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Ozone Layer Depletion

The Ozone Hole and CFC Hazards Examined

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Ozone Layer Long View

The Ozone Layer Provides Protection from Harmful UV Radiation

NASA GSFC Scientific Visualization Studios
Ozone depletion is a crucial environmental problem on Earth. The growing concern over CFC production and the hole in the ozone layer is causing alarm among scientists and citizens. A battle has ensued to protect Earth's ozone layer.

In the war to save the ozone layer, and you may be at risk. The enemy is far, far away. 93 million miles away to be exact. It is the sun. Each day the Sun is a vicious warrior constantly bombarding and attacking our earth with harmful Ultra Violet radiation (UV). Earth has a shield to protect against this constant bombardment of harmful UV radiation. It is the ozone layer.

The Ozone Layer is Earth's Protector

Ozone is a gas that is constantly formed and reformed in our atmosphere. With the chemical formula O3, it is our defense against the Sun. Without the ozone layer, our Earth would become a barren wasteland on which little to no life could exist. UV radiation causes a host of problems for plants, animals, and humans including dangerous melanoma cancers. Watch a short video clip on the ozone layer as it provides protection to Earth from harmful solar radiation. (27 seconds, MPEG-1, 3 MB)

Ozone Destruction is Not All Bad.

Ozone is supposed to break up in the atmosphere. The reactions taking place high in our atmosphere are a part of a complex cycle. Here, another video clip shows a close-up view of ozone molecules absorbing solar radiation. Notice the incoming radiation breaks apart ozone molecules to form O2. These O2 molecules are later rejoined to form ozone again. (29 seconds, MPEG-1, 3 MB)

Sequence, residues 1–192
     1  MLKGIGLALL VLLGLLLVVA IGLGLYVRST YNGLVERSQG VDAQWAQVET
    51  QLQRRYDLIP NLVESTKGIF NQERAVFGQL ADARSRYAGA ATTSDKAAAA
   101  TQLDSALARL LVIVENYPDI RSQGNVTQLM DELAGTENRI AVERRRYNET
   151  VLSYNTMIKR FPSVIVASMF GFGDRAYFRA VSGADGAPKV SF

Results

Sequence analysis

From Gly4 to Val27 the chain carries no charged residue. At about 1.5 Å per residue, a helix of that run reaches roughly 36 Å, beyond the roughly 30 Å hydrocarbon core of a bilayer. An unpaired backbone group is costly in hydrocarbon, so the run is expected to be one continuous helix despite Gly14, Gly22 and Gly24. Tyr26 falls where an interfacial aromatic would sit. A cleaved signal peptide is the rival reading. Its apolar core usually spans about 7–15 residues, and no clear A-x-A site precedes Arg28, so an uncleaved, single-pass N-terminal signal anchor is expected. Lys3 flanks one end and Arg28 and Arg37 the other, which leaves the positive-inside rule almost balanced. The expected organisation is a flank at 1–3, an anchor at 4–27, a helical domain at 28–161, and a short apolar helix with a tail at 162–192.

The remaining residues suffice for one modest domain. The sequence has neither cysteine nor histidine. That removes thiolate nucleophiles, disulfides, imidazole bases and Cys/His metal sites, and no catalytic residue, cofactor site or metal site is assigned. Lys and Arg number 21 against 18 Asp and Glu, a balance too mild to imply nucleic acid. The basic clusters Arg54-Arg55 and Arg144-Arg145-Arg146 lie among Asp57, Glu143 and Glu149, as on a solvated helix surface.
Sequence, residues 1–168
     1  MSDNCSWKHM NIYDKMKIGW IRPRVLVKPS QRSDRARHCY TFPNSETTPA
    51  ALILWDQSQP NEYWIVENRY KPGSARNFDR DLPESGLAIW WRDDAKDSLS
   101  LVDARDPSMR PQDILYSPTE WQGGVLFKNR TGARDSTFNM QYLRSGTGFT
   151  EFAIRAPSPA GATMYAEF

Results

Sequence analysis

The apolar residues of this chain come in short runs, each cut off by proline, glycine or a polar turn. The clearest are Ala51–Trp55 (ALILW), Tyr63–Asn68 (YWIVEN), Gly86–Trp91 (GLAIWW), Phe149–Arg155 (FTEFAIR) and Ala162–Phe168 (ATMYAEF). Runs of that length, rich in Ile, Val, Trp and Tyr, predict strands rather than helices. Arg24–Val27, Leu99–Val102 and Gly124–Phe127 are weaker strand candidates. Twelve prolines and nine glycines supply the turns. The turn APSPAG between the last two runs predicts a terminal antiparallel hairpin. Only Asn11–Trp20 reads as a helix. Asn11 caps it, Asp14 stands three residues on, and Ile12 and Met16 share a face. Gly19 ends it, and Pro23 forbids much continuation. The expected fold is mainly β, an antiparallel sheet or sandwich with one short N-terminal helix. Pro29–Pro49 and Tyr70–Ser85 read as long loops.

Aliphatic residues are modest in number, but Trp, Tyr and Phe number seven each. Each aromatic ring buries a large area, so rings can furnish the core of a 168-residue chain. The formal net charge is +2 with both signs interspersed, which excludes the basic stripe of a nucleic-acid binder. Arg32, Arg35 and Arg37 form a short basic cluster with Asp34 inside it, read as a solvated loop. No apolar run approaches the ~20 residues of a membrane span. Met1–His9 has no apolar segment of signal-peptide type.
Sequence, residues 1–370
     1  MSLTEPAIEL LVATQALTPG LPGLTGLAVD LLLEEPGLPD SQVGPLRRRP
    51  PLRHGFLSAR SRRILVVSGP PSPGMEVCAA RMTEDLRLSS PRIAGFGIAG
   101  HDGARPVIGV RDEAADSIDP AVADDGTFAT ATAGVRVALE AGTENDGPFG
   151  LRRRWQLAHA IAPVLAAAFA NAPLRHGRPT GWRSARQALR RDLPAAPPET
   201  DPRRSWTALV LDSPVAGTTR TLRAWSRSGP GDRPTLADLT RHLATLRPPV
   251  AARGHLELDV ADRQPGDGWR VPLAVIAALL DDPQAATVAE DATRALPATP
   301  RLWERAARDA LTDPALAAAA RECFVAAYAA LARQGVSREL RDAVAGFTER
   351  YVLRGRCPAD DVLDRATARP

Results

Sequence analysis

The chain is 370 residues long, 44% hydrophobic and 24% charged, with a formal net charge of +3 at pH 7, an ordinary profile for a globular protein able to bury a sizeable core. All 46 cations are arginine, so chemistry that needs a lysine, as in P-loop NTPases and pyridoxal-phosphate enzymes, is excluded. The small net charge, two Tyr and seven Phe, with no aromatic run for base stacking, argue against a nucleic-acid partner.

Is There Really a Hole in the Ozone?

The ozone layer exists in a layer of the atmosphere known as the stratosphere. The stratosphere is directly above the layer that we live in known as the troposphere. The stratosphere is approximately 10-50 kilometers above the Earth's surface. The diagram below shows a high concentration of ozone particles at about 35-40 km in altitude.

But the ozone layer has a hole in it!…or does it? Although commonly nicknamed a hole, the ozone layer is a gas and cannot technically have a hole in it. Try punching the air in front of you. Does it leave a “hole”? No. But ozone CAN be severely depleted in our atmosphere. The air around the Antarctic is severely depleted of atmospheric ozone. This is said to be the Antarctic Ozone Hole.

How is the Ozone Hole Measured?

The measurement of the ozone hole is made using something called a Dobson Unit. Technically speaking, “One Dobson Unit is the number of molecules of ozone that would be required to create a layer of pure ozone 0.01 millimeters thick at a temperature of 0 degrees Celsius and a pressure of 1 atmosphere”. Lets make some sense of that definition...

Normally, the air has an ozone measurement of 300 Dobson Units. This is equivalent to a layer of ozone 3mm (.12 inches) thick over the entire earth. A good example is the height of two pennies stacked together. The ozone hole is more like the thickness of one dime or 220 Dobson Units! If the level of ozone drops below 220 Dobson Units, it is considered to be a part of the depleted area or “hole”.

Causes for the Ozone Hole

Chlorofluorocarbons or CFCs are used in refrigerants and coolants. CFCs are typically heavier than air, but they can ascend in the atmosphere in a process that takes 2-5 years.

Once in the stratosphere, UV radiation break apart the CFC molecules into dangerous chlorine compounds which are known Ozone Depleting Substances (ODS). The chlorine literally slams into the ozone and breaks it apart. In the atmosphere a single chlorine atom can break apart ozone molecules again and again and again. Watch the video clip showing the break-up of ozone molecules by chlorine atoms.
(55 seconds, MPEG-1, 7 MB)

Have CFCs Been Banned?

The Montreal Protocol in 1987 was an international commitment to reduce and eliminate the use of CFCs. The treaty was later amended to ban CFC production after 1995. As part of Title VI of the Clean Air Act, all Ozone Depleting Substances (ODS) were monitored and conditions were set forth for their use. Initially, the amendments were to phase out ODS production by the year 2000, but it was later decided to accelerate the phase out to 1995.

Will we win the war?

Only time will tell...



References:

OzoneWatch at NASA Goddard Space Flight Center

The Environmental Protection Agency

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